I am rather puzzled at one aspect of my job today. I have been consistently told that we are to enhance our image/role/visibility in the community by any means available. Our motto claims that we are raising the standards of our field. There are countless reasons why the following response: “Like I said, it was nice to do, but we cannot do this. Time, money but most of all policy of visiting providers directly. So in the future, please do not make the visits. Thanks.”, was so underwhelming, but the ultimate kick was how there was no inquiry made by the speaker of this quote as to the nature of my decision to execute this one breach of bureaucracy.  Let me break it down. has me rather baffled.

Time: 30 minutes, all off the clock.

Money: $4 in mileage reimbursement, which I would not have requested were it not a sort of emergency.

Policy…. here’s where I get confused V2.1. How is it possible that this is against policy? I will gladly give back the $4, but I would really like to understand how my personal visits (which have been received fondly and reflected well on the character of this organization) could in any way be a matter of policy. I tried for days to reach a provider by phone to notify them of a change of address for an important function to no avail. The phone number for the client we had listed was wrong and there were no listings in the white pages. I knew that I would not be able to mail anything to them in time, so after work that night I drove to the client’s house and provided them the information that would lead them to the correct location; where they would not show up to an empty parking lot, where they would not panic and worry they had the wrong night, where they would receive what they needed to keep their job.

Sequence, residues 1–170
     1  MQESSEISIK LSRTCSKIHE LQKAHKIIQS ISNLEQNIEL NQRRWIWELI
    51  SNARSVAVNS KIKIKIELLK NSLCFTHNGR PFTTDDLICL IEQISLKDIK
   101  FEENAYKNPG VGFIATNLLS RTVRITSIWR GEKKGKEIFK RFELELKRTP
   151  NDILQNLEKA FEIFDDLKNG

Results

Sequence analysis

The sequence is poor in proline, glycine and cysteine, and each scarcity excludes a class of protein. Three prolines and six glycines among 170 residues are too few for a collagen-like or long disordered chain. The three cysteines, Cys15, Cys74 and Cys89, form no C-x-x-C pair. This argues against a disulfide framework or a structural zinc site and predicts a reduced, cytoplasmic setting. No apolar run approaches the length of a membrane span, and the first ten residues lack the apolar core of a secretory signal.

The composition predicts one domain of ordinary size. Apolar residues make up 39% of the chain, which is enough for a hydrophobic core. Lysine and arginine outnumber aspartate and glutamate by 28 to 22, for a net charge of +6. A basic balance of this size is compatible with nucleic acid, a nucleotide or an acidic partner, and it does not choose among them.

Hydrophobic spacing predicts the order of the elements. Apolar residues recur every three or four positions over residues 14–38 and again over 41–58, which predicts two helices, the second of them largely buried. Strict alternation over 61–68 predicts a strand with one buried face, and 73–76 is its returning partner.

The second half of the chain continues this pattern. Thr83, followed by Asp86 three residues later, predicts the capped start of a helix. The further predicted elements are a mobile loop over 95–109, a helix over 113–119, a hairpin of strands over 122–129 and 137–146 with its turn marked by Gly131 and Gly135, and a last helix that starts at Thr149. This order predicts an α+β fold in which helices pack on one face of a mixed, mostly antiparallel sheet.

Somehow. This. Is. Not. In. Accordance. With. Policy.

Employers that prefer the ease of trained drones over the challenge of apt, conscientious and innovative staff are always the ones who have have grown too big for their britches.  They are the ones where someone at the top is raking in some unconscionable figure per year and operates mainly out of fear of losing that wealth; this is usually to the detriment of the infrastructure of the company and its ability to operate efficiently.  Anyone who has more than their neighbor is comfortable for a time, but soon becomes obsessed with short sighted, material goals that wind up bankrupting them, such as weak mortgages, too-high car payments when you could have accepted the status blow and bought the car within your budget (for me, it’s audio equipment), etc, etc.  Whatever it is that fuels the need for excess, society is being eaten away by it, and getting that particular message out there in 2010 should not be a difficult thing, so the challenge is to figure out why it is.  Is it a lack of people speaking up?  Or is it an overabundance of people quite purposefully cutting off our air?


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September 2008
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